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Bone Remodeling, PBL, and POD

Posted Oct 23 2008 2:04pm
Our seminar this morning was about bone remodeling. The first half was a general overview on the subject, and then the second half was a journal club. The articles for today were decent, and I think it's an interesting subject even if there is a little too much molecular bio for my taste. The seminar speaker was different than the one we had the last couple of times, but he was also good. I had no idea before this week just how complex bone biology really is. I think I had this impression that bone is mostly just some kind of scaffold to hang your muscles on so that you can move, but actually, bone is constantly changing and remodeling itself throughout your life.

The PBL case today was non-existent. It's like they gave us everything on Monday and then we had nothing left for the rest of the week. I was talking to our tutor afterward, and he was saying that we could have started next week's case today. Everyone's presentations were really good though. I enjoyed preparing my learning objective for today. Some of the nutrients required for bones are obvious ones that everyone knows, like calcium, vitamin D, and phosphorus. But it turns out that some other kind of bizarre things are needed too, including protein and silicon. People who eat Western diets primarily get silicon from grain products, and men have a higher dietary silicon intake than women do on average. Why? Well, apparently it's because men drink more beer than women do!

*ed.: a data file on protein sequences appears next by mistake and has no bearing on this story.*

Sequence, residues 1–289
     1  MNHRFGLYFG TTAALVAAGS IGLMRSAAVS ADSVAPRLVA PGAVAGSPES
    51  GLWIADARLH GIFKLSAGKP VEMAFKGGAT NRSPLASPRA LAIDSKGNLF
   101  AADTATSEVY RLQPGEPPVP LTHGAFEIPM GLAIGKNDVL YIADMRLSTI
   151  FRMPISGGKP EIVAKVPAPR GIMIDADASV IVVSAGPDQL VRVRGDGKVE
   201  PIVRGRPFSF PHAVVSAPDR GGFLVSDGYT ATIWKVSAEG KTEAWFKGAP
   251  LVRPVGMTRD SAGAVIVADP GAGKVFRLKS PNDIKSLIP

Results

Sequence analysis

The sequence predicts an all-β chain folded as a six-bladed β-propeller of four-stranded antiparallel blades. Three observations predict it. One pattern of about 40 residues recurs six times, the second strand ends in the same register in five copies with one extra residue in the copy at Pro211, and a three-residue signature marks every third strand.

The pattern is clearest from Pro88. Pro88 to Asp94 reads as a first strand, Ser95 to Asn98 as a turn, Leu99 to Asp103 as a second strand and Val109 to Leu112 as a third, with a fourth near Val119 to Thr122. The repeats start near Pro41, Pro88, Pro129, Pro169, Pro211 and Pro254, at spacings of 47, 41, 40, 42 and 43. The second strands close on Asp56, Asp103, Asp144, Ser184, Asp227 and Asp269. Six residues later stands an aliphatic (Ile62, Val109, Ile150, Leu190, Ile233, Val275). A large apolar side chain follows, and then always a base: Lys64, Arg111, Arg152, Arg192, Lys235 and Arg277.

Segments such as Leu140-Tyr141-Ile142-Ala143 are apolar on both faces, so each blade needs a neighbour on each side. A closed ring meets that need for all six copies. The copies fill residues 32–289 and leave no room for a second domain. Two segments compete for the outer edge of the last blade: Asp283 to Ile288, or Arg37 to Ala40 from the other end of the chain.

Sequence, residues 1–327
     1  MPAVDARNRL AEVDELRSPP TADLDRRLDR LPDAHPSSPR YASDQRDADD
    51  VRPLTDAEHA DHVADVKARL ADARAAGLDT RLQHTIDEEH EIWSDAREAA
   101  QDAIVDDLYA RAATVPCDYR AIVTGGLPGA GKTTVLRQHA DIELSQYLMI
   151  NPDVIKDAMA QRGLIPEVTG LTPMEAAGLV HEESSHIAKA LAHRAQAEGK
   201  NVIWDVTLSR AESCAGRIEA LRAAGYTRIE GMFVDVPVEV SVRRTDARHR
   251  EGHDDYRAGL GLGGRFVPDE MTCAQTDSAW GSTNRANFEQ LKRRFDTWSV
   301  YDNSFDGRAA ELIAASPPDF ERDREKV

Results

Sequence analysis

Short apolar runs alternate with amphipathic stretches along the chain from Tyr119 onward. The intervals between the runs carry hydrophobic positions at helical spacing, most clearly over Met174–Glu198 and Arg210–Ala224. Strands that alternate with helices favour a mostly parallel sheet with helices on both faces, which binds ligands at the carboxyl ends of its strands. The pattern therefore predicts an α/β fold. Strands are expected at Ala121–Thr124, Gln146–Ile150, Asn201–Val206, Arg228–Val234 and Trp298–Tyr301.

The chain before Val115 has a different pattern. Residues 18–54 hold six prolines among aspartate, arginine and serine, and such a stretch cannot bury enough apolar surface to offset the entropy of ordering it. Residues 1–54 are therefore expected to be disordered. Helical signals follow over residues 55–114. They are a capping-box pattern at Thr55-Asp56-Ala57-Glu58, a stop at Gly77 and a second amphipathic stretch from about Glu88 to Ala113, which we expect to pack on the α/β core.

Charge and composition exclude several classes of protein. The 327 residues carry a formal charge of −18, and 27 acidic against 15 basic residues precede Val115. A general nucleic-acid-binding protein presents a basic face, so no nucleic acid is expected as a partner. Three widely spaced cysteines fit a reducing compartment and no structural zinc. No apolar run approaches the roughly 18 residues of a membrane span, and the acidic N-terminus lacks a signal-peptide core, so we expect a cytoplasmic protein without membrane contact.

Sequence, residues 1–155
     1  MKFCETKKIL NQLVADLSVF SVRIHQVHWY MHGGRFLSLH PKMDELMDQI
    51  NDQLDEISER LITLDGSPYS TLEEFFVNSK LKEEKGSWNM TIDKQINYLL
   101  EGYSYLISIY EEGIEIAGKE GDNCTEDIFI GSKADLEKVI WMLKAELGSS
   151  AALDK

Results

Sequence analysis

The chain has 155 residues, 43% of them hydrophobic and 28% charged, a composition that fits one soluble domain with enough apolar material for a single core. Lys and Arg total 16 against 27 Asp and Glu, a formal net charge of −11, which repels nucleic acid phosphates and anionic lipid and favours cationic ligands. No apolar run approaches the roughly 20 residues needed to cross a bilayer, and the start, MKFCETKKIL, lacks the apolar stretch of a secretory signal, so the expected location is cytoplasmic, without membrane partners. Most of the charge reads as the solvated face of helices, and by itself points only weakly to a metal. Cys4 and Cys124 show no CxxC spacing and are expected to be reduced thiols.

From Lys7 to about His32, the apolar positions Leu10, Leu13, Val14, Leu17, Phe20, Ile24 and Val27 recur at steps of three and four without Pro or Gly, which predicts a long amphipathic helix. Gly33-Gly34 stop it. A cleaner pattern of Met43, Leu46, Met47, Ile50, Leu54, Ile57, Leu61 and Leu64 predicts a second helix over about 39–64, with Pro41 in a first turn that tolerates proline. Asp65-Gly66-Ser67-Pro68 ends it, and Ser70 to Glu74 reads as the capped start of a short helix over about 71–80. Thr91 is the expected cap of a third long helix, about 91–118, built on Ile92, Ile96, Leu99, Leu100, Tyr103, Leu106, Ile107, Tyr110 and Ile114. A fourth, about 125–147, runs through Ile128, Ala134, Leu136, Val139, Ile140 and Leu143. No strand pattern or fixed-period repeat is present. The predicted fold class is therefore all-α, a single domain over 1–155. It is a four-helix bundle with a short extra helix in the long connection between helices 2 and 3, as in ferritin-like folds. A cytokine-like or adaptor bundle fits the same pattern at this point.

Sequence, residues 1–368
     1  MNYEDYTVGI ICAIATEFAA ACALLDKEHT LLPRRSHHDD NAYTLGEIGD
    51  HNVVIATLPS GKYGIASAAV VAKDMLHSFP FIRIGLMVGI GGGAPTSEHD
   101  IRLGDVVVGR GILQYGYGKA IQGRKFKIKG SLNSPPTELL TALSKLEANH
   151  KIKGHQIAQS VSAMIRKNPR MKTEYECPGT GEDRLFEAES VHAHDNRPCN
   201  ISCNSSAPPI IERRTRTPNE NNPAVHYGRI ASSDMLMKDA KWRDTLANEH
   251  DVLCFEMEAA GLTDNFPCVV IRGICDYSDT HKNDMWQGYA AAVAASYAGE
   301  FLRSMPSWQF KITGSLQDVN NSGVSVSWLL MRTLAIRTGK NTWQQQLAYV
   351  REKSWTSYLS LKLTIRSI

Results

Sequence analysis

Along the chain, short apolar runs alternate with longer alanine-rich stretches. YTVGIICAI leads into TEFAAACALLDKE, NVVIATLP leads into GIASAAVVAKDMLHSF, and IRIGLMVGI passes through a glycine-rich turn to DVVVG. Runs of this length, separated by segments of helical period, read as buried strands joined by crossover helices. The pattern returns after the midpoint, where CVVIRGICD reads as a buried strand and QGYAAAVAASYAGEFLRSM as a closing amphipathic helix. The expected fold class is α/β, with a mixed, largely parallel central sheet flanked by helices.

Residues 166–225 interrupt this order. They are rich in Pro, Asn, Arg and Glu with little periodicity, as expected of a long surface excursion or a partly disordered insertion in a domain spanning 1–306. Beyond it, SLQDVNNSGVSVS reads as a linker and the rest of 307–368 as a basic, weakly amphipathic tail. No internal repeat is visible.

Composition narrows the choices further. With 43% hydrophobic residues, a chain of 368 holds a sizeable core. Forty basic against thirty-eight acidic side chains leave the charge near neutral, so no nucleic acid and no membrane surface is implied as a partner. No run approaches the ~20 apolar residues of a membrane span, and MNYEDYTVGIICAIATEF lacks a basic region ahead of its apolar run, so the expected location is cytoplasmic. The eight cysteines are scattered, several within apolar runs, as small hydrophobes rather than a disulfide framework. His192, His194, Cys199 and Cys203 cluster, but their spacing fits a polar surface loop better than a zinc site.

The POD talk was pretty interesting. Our speaker was a researcher in sports injuries, specifically the ligaments in the knee. He is studying how to prevent injuries in athletes who do a lot of turning and jumping, like basketball players or skiers. His research team does computer modeling of men and women making motions like they would make in sports, and seeing what variables lead to them injuring their knees. It has been known for a long time that women have more knee injuries than men do, but no one is sure why. People have all kinds of hypotheses about this, and it is probably a combination of things including different anatomy, different movement patterns, and different levels of strength and training. One really neat thing we found out about this speaker was that he won an Academy Award for his computer software, which was used to do the animation for Lord of the Rings.
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